Analysis: Fla. Republican unity cracks


MIAMI, Aug. 11 (UPI) -- Florida's Republican politics is going to need some healing in the next year going into President Bush's bid for re-election in 2004.

Florida was the most important state in his election in 2000 and that could well happen again. A united party could be essential next year, and right now, that's not the case.


As the state's GOP meets in special session this week over the medical malpractice issue that has already deeply divided the party, a group of Cuban Republicans sent what can only be interpreted as a threatening letter to the president.

The Republicans want a change in the policy that dictates that all Cuban migrants intercepted at sea be returned to Cuba. They also want an indictment of President Fidel Castro for the deaths of three Cuban-American pilots in an incident over the Florida Straits in 1996.

The third demand was for an effort to make sure TV Marti is seen by the Cuban people despite the Cuban government's jamming operations, and the fourth was for more assistance for dissidents in Cuba.

"We feel it is our responsibility as Republican elected officials to inform you that unless substantial progress on the above-mentioned issued occurs rapidly, we fear the historic and intense support from Cuban-American voters for Republican federal candidates, including yourself, will be jeopardized," the letter, which was sent to the president Monday.


Cuban-Americans in Miami have for years made up one of the most dependent blocs of voters for the Republicans, but that may be in doubt now.

Meanwhile, Republican doctors and lawyers in the state Legislature have been fighting like cats and dogs over medical malpractice and its implications.

Florida this week will become the 20th state with a cap on non-economic malpractice awards for pain and suffering. Seven other state laws have been declared unconstitutional and lawyers in Florida seem likely to try that route.

Gov. Jeb Bush looks like a winner after calling three special sessions and promising to keep on calling them until he got his way.

Or at least he says he's a winner.

The malpractice fight has resulted in some threats of its own. Jeb Bush questioned the GOP credentials of senators who disagreed with his insistence on the cap.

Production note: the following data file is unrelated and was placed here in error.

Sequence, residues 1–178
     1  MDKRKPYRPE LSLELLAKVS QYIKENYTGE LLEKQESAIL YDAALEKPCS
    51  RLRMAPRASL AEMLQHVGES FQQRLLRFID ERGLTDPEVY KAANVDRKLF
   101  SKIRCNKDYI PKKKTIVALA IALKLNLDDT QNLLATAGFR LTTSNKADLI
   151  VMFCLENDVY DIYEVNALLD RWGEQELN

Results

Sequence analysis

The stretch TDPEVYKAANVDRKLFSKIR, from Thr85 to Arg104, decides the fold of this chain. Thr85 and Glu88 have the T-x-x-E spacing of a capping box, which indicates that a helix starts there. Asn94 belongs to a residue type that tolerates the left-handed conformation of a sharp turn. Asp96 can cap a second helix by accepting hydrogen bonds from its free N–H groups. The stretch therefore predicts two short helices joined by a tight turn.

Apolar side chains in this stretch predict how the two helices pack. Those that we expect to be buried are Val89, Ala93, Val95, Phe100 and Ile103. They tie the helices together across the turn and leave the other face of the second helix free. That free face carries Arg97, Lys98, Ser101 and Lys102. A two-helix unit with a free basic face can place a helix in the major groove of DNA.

The St. Petersburg Times reported he subtly threatened to look for opponents for the recalcitrant centers and to dry up their campaign funds.

The third special session will convene Tuesday after the Republican Bush and the Republic leadership in the House and Senate said they came up with a compromise.

The House claims victory although it did not get the $250,000 no-holds-barred cap on pain and suffering.


The Senate claims it got what it wanted, a $500,000 cap per malpractice defendant up to $1 million, although many senators didn't want a cap at all.

The lobbyists are more outspoken.

"It's an abomination. They've done nothing," said Neal Roth of the Academy of Florida Trial Lawyers.

John Thrasher of the Florida Hospital Association said they would have to wait and see, but said, "It's better than what we have now. I think it will bring stability to the insurance market."

The deal includes a freeze on the cost of premiums until January, and new rules under which doctors can be more easily disciplined and insurance companies can be sued for failing to make a good faith effort to settle a case.

The intent of it all is to lower malpractice insurance rates for doctors. Some of them have left the state because they said they couldn't afford the premiums and others are threatening to do so.

There is still disagreement over whether ceilings on pain and suffering awards will lower premiums for doctors.

Nobody is really sure. Information from other states is inconclusive as is evidence from the two sides in Florida.

Bush, however, is confident the compromise will work.


"The reforms outlined in this latest proposal will protect access to care for the people of this state, which is our primary goal," the governor said. "This a legislation will create stability in the insurance market and provide insurance rely for doctors."

Senate President Jim King said he believed the rights of patients would be protected under the legislation.

"There is no doubt that we reached this agreement by reading different road maps, but the end destination for the Senate has always been to protect the rights of Florida's patients when medical malpractice occurs," King said.

House Speaker Johnnie Byrd, who wanted a $250,000 cap, said he was satisfied.

He said the agreement "will allow Florida patients to continue seeing their family doctors, bring stability to the insurance maker and protect our loved ones from medical errors."

The peacemaking may or may not be real but the president and his brother will have to try to make some of the combatants more interested in party unity.

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